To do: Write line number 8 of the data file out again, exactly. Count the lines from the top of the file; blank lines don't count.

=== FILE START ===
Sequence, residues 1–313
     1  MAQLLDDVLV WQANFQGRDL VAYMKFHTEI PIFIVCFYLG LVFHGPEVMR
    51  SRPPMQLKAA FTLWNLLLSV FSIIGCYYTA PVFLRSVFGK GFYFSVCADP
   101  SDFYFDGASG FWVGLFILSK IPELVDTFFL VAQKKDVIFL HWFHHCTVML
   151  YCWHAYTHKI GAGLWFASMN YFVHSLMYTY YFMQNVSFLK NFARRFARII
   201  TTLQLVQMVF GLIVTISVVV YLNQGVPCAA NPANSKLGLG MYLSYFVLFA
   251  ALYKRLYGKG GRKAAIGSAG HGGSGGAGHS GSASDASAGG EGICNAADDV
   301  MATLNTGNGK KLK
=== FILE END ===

   301  MATLNTGNGK KLK